If China wanted to, it could build Australia out of a rock in the sea. China’s militarisation in the South China Sea has been so rapid and blatant that it has resulted in an ICJ case brought by the Philippines, as well as many “freedom of navigation” missions by countries keen to remind the world that no one owns the South China Sea. China can flex its muscles, but could it actually strike.
The region’s large oil and gas reserves make it prone to falling victim to an oil war. By solidifying its grip, China could be one step closer to energy security. However, the estimated reserves of the region remain relatively small compared to China’s huge appetite. It receives more oil and gas today from Central Asia than it ever could from the South China Sea. The cost of war and the disruptions to energy production throughout the world would hurt China more than what it would gain from controlling the region’s energy resources. China would also struggle to maintain its grip on dispersed islands and floating oil wells, so the region would never be stabilised enough. The distance from the mainland also increases the cost and difficulty of transporting energy to where it is needed, secure links like the pipelines that link China to Central Asia are not an option.
Increasing tensions may also lead to retaliation from China’s enemies. China has deployed an offshore oil rig in waters claimed by Vietnam, and Vietnam has answered by sending its coastguards. Production is thus more symbolical than practical. The USA could also close the Strait of Malacca, through which about 80% of China’s oil imports flow through. It is not a risk China would dare take.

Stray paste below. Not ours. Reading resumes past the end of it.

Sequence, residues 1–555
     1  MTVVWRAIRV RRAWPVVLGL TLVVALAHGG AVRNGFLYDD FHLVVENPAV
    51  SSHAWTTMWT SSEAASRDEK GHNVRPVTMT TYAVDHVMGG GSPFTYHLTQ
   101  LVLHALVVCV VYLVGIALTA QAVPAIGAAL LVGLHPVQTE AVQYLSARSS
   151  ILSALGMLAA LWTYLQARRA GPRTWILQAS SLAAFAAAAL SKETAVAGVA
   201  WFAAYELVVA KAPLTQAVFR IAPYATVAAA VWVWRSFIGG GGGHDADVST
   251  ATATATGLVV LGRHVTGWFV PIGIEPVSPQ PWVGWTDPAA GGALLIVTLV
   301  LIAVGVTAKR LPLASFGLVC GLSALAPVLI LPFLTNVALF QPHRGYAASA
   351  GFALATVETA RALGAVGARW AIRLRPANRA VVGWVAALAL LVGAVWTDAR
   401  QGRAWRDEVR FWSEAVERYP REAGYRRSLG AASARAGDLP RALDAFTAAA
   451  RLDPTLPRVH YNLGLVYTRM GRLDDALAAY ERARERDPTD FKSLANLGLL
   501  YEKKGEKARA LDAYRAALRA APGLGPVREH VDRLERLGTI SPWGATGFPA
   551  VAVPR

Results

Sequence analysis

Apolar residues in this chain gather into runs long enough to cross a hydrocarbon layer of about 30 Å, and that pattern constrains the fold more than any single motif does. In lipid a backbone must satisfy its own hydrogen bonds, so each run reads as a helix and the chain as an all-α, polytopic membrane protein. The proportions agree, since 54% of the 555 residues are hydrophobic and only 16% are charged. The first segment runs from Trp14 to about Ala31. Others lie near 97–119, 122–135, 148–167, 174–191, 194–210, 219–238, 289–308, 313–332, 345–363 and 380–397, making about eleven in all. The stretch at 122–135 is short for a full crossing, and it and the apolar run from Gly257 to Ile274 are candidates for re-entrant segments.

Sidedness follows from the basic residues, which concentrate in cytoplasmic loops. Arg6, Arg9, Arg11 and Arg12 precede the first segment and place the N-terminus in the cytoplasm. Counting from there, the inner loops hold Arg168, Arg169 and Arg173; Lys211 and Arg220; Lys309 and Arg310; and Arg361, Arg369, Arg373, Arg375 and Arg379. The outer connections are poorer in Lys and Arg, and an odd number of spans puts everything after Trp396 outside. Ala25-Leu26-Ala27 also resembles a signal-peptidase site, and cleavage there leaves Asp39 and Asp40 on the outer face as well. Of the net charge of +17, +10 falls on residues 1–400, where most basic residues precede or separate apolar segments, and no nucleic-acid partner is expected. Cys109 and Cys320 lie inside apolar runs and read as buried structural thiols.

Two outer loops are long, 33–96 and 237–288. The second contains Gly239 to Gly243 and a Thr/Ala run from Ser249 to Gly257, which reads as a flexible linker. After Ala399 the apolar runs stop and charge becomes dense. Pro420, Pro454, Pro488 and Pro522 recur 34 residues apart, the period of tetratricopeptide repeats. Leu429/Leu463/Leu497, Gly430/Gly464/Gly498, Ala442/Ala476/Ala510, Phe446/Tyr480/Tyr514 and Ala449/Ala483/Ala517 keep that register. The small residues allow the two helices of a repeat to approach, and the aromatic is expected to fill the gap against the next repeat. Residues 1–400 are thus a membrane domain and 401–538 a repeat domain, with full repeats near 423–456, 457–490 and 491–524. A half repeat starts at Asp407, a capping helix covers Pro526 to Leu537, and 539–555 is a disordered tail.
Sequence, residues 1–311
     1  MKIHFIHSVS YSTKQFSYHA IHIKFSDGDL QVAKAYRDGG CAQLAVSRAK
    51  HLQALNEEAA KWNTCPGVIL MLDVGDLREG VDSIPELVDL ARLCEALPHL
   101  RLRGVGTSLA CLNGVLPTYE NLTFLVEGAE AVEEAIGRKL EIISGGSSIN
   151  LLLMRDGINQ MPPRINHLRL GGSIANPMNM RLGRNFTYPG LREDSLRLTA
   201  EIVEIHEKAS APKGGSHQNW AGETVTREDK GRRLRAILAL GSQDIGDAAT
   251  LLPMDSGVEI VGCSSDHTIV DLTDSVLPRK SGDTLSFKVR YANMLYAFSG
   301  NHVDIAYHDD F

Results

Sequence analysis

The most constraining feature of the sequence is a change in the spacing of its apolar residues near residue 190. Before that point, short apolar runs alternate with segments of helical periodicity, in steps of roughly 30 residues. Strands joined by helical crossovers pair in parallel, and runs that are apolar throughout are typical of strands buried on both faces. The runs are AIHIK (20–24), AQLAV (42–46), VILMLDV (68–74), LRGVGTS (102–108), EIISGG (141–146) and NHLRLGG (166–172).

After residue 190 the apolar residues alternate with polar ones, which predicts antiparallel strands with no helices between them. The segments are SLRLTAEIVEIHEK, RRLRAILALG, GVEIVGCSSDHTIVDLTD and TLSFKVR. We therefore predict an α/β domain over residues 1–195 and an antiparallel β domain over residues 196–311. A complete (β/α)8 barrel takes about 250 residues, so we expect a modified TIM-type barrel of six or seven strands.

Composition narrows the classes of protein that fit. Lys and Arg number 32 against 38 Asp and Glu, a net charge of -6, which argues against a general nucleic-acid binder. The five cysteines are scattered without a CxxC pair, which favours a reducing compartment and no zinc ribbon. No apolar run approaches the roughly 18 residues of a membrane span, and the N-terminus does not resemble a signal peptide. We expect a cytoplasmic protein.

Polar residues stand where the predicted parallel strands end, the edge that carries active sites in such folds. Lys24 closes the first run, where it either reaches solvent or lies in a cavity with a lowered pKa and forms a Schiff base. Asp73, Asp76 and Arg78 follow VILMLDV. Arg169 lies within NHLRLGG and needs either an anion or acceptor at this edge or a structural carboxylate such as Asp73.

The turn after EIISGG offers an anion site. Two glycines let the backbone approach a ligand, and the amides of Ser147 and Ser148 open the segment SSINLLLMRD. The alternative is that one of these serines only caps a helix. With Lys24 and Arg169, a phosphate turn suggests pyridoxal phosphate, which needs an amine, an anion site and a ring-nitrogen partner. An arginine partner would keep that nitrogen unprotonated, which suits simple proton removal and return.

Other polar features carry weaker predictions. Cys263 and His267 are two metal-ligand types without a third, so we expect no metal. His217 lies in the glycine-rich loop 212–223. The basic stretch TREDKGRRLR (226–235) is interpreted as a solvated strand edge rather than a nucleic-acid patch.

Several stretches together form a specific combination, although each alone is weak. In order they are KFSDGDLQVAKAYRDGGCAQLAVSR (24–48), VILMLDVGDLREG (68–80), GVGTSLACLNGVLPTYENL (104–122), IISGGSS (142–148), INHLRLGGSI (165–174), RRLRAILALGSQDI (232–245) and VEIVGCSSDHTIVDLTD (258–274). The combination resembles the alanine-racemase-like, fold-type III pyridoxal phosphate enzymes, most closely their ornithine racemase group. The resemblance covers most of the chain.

The likelihood of an oil war in the South China Sea is thus minimal, when considering the relative unimportance of the energy reserves held compared to China’s appetite, the “Malacca dilemma”, and the large challenges linked to extracting energy rents from the region. Perhaps in the future, China’s army may feel emboldened enough technologically to dare engage the USA and its allies, though we may hope that when this time comes, energy technology will have also advanced enough to allow China to meet its energy needs domestically and renewably.
Hernandez, Marco, Marcelo Duhalde, and Adolfo Arranz. n.d. “Belt and Road Initiative.” SCMP Graphic. South China Morning Post. https://multimedia.scmp.com/news/china/article/One-Belt-One-Road/.
Meierding, Emily. 2016. “Dismantling the Oil Wars Myth.” Security Studies 25 (2): 258–88. https://doi.org/10.1080/09636412.2016.1171968.
Metelitsa, Alexander, and Jeffrey Kupfer. n.d. “Oil and Gas Resources and Transit Issues in the South China Sea.” Issue brief. Oil and Gas Resources and Transit Issues in the South China Sea.
Odgaard, Ole. 2014. “China׳s Energy Security and Its Challenges towards 2035.” Energy Policy 71 (August): 107–17. https://doi.org/https://doi.org/10.1016/j.enpol.2014.03.040.
SCMP Reporter. 2019. “Explained: South China Sea Dispute.” South China Morning Post, February 16, 2019. https://www.scmp.com/week-asia/article/2186449/explained-south-china-sea-dispute.